President of the Buddhist Society, London

1948

The Ten Oxherding Pictures
Introduction
I. Gathas and Prayers
II. The Dharanis
III. The Sutras
IV. From the Chinese Zen Masters
V. From the Japanese Zen Masters
VI. The Buddhist Statues and Pictures in a Zen Monastary

V. FROM THE JAPANESE ZEN MASTERS

Dai-o (1235-I308), Daito (1282-1336), and Kwanzan (1277-1360) are the three outstanding luminaries in the history of the Japanese Rinzai school of Zen. All the masters of this school now in Japan are their descendants. Dai-o went to China and studied under Kido (Hsu-t'ang) in southern China, whose high expectations of the foreign disciple were fully justified as we can testify in the Japanese history of Zen. Daito is the founder of Daitokuji monastery and Kwanzan that of the Myoshinji, both Kyoto. Muso (1273-1351) who followed another lineage of the Zen masters was versatile in artistic accomplishments. There are many noted gardens designed by him which are still well preserved. He was the founder of many Zen temples throughout Japan which the most notable one is Tenryuji at Saga, near Kyoto. Hakuin (1685-1768) is the father of modern Rinzai Zen. Without him it would be hard to tell the fate of Zen in Japan. He was no founder of a temple of any ecclesiastical importance; he lived his unpretentious life in a small temple in Suruga province, devoting himself to the bringing up of Zen monks and to the propagation of his teaching among laymen.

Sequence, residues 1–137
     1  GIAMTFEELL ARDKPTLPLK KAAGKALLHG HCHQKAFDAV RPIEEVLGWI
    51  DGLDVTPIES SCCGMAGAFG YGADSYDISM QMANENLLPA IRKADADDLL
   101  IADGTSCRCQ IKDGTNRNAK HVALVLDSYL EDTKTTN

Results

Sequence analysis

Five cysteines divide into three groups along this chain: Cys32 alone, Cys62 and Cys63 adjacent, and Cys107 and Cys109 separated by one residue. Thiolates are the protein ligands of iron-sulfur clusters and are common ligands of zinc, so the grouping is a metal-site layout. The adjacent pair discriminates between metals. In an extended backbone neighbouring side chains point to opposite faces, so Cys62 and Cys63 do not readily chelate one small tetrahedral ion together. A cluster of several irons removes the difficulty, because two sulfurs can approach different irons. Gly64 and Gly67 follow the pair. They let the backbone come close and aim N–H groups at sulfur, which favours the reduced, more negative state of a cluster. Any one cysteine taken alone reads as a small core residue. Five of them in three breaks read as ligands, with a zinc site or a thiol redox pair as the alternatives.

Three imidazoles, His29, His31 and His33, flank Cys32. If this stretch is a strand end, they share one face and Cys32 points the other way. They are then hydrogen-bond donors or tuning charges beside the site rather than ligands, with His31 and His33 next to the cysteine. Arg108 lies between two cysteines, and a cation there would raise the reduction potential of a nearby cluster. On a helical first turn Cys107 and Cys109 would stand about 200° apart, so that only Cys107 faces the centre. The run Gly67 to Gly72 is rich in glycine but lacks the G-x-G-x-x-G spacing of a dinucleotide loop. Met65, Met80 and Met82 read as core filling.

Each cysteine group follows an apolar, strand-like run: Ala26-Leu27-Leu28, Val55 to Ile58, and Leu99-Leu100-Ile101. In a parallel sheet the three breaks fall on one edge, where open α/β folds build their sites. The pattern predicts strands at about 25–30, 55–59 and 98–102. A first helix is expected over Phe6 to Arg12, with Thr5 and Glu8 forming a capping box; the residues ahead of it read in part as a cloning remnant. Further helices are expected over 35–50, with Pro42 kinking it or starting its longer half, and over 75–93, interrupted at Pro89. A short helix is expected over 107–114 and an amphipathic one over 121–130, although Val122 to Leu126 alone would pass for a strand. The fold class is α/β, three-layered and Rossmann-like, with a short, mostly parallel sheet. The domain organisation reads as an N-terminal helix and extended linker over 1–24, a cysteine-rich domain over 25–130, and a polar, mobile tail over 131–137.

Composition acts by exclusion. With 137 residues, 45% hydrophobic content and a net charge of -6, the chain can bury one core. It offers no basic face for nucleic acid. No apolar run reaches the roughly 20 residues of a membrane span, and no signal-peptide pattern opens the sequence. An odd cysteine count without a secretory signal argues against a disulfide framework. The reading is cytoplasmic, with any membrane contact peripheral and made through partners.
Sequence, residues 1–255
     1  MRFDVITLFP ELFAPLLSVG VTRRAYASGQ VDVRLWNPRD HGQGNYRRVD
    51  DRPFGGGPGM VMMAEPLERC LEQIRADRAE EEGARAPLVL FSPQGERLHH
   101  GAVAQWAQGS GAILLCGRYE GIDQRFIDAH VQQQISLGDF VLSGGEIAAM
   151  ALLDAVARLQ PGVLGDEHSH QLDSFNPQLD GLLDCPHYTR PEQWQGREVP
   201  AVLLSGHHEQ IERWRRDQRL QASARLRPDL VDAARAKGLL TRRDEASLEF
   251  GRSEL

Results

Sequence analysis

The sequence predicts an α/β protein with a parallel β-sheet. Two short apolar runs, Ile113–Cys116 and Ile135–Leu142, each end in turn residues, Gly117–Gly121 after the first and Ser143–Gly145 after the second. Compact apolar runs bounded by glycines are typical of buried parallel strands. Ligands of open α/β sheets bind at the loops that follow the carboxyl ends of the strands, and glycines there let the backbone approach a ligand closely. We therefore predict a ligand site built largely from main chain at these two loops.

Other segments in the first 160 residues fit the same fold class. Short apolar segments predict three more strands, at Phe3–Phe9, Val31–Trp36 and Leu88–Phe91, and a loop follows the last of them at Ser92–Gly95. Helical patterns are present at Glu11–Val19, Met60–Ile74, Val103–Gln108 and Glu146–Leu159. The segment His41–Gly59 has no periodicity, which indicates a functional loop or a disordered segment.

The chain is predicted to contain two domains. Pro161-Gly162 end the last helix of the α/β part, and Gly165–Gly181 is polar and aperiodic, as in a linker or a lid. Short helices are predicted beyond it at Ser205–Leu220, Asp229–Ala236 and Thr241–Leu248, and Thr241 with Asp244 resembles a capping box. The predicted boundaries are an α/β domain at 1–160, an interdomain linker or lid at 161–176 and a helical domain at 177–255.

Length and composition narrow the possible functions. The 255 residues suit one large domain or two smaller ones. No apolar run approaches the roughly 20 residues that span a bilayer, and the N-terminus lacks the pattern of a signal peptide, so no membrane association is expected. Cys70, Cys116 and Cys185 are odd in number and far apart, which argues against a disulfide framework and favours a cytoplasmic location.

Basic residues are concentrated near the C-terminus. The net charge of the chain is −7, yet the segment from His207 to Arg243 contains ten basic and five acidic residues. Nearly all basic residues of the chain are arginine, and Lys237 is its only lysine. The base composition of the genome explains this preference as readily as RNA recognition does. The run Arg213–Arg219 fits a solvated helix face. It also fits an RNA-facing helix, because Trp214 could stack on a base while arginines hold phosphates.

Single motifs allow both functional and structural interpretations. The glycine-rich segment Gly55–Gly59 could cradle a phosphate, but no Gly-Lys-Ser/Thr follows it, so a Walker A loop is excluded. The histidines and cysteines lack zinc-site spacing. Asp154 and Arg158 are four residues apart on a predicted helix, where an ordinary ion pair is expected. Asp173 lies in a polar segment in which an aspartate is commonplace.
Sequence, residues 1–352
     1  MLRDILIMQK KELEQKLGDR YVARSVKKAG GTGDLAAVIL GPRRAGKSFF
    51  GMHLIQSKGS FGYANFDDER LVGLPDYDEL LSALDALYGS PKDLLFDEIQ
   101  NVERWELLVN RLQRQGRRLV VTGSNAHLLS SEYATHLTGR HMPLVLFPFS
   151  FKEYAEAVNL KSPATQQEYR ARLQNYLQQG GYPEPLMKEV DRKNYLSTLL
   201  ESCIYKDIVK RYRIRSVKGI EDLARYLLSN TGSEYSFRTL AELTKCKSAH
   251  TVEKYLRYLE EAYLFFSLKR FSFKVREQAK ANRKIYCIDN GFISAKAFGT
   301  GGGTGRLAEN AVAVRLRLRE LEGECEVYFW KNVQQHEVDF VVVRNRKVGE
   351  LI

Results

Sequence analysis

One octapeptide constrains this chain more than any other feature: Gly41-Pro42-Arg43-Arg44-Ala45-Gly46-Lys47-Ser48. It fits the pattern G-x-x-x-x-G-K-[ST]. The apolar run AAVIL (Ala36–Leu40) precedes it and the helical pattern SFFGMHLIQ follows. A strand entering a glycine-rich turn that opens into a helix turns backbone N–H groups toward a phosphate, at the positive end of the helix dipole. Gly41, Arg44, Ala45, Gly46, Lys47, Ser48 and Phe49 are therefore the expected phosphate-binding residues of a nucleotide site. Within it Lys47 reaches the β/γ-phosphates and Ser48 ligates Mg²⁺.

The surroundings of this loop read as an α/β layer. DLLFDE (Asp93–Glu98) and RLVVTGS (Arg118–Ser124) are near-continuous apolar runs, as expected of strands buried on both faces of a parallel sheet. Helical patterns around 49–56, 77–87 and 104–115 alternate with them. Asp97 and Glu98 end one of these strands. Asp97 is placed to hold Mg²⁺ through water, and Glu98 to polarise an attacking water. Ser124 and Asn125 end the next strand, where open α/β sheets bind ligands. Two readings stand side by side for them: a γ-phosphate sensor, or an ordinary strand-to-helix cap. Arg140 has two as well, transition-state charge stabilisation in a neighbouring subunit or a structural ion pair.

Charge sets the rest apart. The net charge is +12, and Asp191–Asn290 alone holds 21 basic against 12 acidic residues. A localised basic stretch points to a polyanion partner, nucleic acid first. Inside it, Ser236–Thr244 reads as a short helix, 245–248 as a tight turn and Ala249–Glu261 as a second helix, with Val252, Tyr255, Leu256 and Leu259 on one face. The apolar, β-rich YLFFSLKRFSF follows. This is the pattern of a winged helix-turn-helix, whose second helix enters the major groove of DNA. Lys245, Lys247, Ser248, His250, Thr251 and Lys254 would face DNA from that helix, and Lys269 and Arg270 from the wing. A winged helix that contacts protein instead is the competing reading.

FROM THE JAPANESE ZEN MASTERS

I

DAI-O KOKUSHI "ON ZEN"

There is a reality even prior to heaven and earth;
Indeed, it has no form, much less a name;
Eyes fail to see it; It has no voice for ears to detect;
To call it Mind or Buddha violates its nature,
For it then becomes like a visionary flower in the air;
It is not Mind, nor Buddha;
Absolutely quiet, and yet illuminating in a mysterious way,
It allows itself to be perceived only by the clear-eyed.
It is Dharma truly beyond form and sound;
It is Tao having nothing to do with words.
Wishing to entice the blind,
The Buddha has playfully let words escape his golden mouth;
Heaven and earth are ever since filled with entangling briars.
O my good worthy friends gathered here,
If you desire to listen to the thunderous voice of the Dharma,
Exhaust your words, empty your thoughts,
For then you may come to recognize this One Essence.
Says Hui the Brother, "The Buddha's Dharma
Is not to be given up to mere human sentiments."

1934